Policy library. It can maintain a repository of policies, communicate their availability, and help people access and interpret existing policies.

A policy group should not be responsible for the content of the policies or have any authority over that content. And it must never be involved in auditing compliance. This would be a conflict of interest. No one can both serve others (policy facilitation) and stand in judgment of others (audit) without undermining the teamwork between the policy group and its peers.

Why All This Work Is Necessary

Policies are inherently risky. They reduce people’s choices and can make an organization less flexible, more bureaucratic and less creative.

But in many cases, policies are necessary. A well-chosen and well-written policy does more good than harm by establishing a consistent, meticulous process or necessary constraints that help leaders run an efficient, customer-focused, safe and reliable business.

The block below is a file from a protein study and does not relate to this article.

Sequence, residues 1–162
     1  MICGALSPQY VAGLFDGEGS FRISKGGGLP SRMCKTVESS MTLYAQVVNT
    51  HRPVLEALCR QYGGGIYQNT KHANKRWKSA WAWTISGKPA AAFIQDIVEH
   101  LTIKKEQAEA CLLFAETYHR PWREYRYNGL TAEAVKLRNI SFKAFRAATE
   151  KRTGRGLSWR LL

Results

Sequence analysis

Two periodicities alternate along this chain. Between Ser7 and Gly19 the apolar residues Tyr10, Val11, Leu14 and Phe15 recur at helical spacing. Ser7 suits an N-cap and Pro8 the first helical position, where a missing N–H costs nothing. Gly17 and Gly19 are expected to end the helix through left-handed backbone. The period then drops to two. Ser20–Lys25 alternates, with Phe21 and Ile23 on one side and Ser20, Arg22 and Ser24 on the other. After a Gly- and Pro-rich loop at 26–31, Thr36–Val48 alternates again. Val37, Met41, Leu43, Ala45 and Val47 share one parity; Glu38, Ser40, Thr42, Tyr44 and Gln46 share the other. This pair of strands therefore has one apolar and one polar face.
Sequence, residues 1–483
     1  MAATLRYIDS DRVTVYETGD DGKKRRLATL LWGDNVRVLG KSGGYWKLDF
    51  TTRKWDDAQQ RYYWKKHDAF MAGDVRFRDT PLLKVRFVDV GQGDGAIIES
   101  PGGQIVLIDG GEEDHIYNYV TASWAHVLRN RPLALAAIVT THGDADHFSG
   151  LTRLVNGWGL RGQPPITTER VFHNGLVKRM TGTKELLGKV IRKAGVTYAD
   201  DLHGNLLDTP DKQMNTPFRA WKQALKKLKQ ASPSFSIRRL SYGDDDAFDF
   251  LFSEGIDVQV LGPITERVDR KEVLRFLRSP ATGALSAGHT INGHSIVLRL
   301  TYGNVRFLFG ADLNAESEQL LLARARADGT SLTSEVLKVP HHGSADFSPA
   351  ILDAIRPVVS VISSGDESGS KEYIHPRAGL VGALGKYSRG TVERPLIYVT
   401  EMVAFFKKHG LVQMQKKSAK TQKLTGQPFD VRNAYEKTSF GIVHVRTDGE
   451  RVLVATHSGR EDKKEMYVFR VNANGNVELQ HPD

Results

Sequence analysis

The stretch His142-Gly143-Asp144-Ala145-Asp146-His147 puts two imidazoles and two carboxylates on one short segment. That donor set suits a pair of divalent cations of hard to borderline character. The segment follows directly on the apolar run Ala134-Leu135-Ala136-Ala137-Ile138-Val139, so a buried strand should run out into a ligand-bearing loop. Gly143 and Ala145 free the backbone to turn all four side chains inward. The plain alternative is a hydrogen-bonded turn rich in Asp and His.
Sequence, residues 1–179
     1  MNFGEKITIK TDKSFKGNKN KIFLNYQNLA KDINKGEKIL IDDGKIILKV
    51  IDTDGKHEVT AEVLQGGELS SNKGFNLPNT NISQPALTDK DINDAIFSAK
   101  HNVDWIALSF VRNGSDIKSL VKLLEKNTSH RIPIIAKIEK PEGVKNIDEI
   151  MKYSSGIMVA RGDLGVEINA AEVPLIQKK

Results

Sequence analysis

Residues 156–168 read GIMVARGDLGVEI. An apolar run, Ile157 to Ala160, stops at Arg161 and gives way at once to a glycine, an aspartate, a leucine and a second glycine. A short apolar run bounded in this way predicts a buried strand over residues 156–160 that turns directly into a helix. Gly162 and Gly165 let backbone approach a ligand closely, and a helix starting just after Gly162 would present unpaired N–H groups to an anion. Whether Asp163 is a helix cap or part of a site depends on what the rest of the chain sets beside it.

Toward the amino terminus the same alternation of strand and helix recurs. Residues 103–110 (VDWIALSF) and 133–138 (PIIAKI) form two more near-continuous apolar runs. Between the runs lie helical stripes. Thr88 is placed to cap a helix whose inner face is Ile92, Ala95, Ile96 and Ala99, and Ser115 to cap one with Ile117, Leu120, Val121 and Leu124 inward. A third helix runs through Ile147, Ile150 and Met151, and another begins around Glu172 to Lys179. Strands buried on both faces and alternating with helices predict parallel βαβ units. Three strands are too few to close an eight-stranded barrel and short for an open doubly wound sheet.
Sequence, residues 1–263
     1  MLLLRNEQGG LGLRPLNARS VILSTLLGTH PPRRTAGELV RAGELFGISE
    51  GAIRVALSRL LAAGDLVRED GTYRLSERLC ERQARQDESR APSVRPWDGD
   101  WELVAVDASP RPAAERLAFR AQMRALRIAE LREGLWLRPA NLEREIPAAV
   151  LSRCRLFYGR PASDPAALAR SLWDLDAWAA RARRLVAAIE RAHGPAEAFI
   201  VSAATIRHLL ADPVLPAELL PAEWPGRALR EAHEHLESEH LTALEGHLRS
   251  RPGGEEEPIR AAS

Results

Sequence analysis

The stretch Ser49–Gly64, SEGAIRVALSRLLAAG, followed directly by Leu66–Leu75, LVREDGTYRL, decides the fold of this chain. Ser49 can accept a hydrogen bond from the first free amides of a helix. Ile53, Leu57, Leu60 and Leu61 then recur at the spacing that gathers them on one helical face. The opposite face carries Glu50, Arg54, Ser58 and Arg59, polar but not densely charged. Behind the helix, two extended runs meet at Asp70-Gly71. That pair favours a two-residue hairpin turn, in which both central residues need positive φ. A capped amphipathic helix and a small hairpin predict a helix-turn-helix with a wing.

The key to an effective approach is to make all parties accountable for policies within their respective businesses and to provide them with the help of a policy facilitation function (not a “czar”) that serves its peers rather than attempting to control them.

You can read a version of this article on consultant N. Dean Meyer’s website with links to other Beneath the Buzz columns, relevant white papers, books and other resources. Contact him at